The motion of the head platform 20 (FIG. 1) can be seen having the "second" platform portion 55 supported by short rigid links 56 to a pivot 57 held on a frame member 58 to the horizontal frame portion 59 which has a camming member 60 having a camming slot 61 for a cam follower 62 and a cam slot 63 with a cam follower 64 riding therein. The cam followers are both attached to the horizontal frame portion 59. The horizontal frame portion 59 is attached to a link 6B which is attached with a pin 66 to a moving shuttle member 67 driven by a cog belt 68 riding on a rotating cog gear 70 at one end and a cog gear 71 on the other end attached to a separate gear box 69 and reversible electric motor 72 which in turn is rigidly attached to the frame 30 which drives the cog belt 68 and in turn drives the member 73 and 67 to drive the link 6B to drive the member B9 to direct the platform 55 through a predetermined motion responsive to the operation of the motor 72 to move the shuttle member 67 back and forth, as can be more clearly seen in FIG. 5. Movement of the platform frame member 59 follows a predetermined path governed by the cam slots 60 and 63 in member 60 to force the cam followers 62 and 64 attached to member 59 in the set pattern effectively.
In FIGS. 4 and 5, the motor 75 has a gear box 76 for driving shaft portion 52 to move the platform frame 35 and the platform 15 (of FIG. 1) in a horizontal, left and right direction responsive to the cycle program for the motor 75. The frame portion 77 as well as the motor 75 are attached to the first movable platform frame 78 of the frame 35 to move with the frame so that the motor 75 and gear box 76, move with the frame 35 in a vertical direction while driving the frame in a horizontal movement, left and right, as shown in FIG. 4 in the phantom views. The speed of the motor 75 and the speed of the motor 50 are separately controlled so that the speed of the vertical movement, up and down, and the left and right are separately controlled for a compound movement based on different cycles to provide different benefits for different patients as prescribed by the physician. FIG. 4 also more clearly shows the linkage member 38 movably connected with the pin 42 to the linkage arm 41 and the arm 41 connected with the pin 43 to the shuttle 44 which rides on the cog belt 45. The motor 75 can be seen in this view as having the link member 80 movably pinned with the pin 81 at one end and 82 at the other end to support the horizontal or back and forth movement of the frame 35.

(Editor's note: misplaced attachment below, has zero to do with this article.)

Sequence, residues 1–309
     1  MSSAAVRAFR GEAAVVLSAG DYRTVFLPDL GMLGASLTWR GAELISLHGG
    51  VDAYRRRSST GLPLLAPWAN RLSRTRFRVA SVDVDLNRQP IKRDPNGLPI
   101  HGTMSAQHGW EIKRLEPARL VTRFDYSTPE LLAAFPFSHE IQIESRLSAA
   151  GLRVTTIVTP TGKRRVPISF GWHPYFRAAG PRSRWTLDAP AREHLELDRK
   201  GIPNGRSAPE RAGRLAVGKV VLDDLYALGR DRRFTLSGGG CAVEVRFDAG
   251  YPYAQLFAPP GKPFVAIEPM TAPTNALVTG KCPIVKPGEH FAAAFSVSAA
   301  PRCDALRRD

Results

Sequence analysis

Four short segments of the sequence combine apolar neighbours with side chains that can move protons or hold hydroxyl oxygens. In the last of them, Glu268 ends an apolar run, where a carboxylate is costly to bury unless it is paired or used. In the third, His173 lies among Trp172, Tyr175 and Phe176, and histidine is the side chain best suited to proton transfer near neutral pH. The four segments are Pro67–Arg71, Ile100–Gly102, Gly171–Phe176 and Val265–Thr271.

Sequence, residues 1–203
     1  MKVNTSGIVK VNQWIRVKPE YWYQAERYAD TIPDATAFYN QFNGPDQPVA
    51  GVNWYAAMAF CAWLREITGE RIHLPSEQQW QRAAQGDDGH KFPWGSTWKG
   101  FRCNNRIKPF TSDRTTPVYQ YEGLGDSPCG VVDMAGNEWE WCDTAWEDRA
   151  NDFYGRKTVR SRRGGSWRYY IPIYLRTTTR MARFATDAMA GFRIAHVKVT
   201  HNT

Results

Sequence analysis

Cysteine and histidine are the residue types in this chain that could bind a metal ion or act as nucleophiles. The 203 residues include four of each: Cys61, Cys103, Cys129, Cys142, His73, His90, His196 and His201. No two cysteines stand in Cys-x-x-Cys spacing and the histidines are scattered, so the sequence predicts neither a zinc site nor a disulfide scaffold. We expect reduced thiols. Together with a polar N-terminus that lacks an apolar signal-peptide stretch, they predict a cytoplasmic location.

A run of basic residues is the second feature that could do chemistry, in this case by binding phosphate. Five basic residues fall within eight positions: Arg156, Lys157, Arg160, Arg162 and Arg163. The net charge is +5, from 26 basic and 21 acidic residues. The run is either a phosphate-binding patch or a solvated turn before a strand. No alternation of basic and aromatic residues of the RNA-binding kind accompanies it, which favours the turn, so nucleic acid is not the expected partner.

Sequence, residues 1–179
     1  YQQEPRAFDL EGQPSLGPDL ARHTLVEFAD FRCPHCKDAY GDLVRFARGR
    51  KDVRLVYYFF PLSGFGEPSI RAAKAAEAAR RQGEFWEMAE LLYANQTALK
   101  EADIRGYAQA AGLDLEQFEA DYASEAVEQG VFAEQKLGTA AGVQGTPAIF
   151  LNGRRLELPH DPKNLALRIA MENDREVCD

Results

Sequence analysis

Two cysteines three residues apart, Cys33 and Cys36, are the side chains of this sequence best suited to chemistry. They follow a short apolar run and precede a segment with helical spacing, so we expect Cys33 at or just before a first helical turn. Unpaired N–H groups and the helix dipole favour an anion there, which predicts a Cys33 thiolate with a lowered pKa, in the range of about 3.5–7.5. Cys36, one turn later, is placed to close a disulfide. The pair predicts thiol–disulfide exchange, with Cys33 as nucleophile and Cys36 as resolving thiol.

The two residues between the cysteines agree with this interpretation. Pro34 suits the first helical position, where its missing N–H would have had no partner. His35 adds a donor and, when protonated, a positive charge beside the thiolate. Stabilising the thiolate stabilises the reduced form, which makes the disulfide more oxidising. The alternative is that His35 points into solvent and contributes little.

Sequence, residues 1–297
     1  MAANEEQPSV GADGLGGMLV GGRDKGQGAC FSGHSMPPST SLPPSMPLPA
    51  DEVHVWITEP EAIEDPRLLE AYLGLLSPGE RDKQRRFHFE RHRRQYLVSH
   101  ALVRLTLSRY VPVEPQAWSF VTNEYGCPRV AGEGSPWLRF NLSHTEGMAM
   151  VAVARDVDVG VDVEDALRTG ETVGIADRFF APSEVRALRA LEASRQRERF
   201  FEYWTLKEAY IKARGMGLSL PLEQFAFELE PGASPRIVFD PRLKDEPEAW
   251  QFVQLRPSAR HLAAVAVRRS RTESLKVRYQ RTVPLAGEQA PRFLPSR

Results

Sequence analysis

FIG. 5, on the other hand, shows a motor 75 connected to the gear box 76 and connected to the shaft 52 for controlling the horizontal movement of the frame 35. Similarly, the motor 50 controlling the gear box 49 is illustrated for driving the cog belt 45 to drive the shuttle 44 for moving the frame 35 in an up and down direction on the pair of pivots 41. This view also shows the operation of the motor 72 connected to the frame plate 83 for driving the shuttle member 67 riding on a shaft 84 to move the link members 65 to in turn drive the frame 59 to follow the pair of cam slots in the cam plates 60 with the cam followers 62 and 64 riding therein for controlling the head platform member 55 and head platform 20 (FIGS. 1 and 2).
It should be clear at this time that the operation of an orthopedic treatment table has been provided which provides orthopedic treatment to patients in accordance with an orthopedic physician's prescription which can be programmed for a series of compound movements of the patient, simultaneously or alternately moving the head in a predetermined fashion at one speed or cycle of movement and controlling the movement of the legs and lower torso in a vertical reciprocating motion and/or alternately in a horizontal reciprocating motion under different speeds to provide a different variety of compound motions each providing pivot locations within specific regions of the spinal column. This operation is provided by three separate motors driving three separate drive mechanisms to provide treatment tailored to a specific patient's orthopedic diagnosis. However, it should also be clear that the present invention is not to be considered limited to the forms shown which are to be considered illustrative rather than restrictive.
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|US1076475 *||Jan 26, 1911||Oct 21, 1913||Fred A Daley||Revolving-leaf treating-table.|
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|U.S. Classification||606/242, 601/100, 5/608, 602/32, 601/86|
|Jan 29, 1993||AS||Assignment|
Owner name: MEDIFLEX SYSTEMS, INC., FLORIDA
Free format text: ASSIGNMENT OF ASSIGNORS INTEREST.;ASSIGNORS:CLARKE, JAMES M.;STEINKE, JAMES M.;JONES, DANA;AND OTHERS;REEL/FRAME:006413/0095
Effective date: 19930115
|Jan 5, 1999||REMI||Maintenance fee reminder mailed|
|Jun 13, 1999||LAPS||Lapse for failure to pay maintenance fees|
|Aug 24, 1999||FP||Expired due to failure to pay maintenance fee|
Effective date: 19990613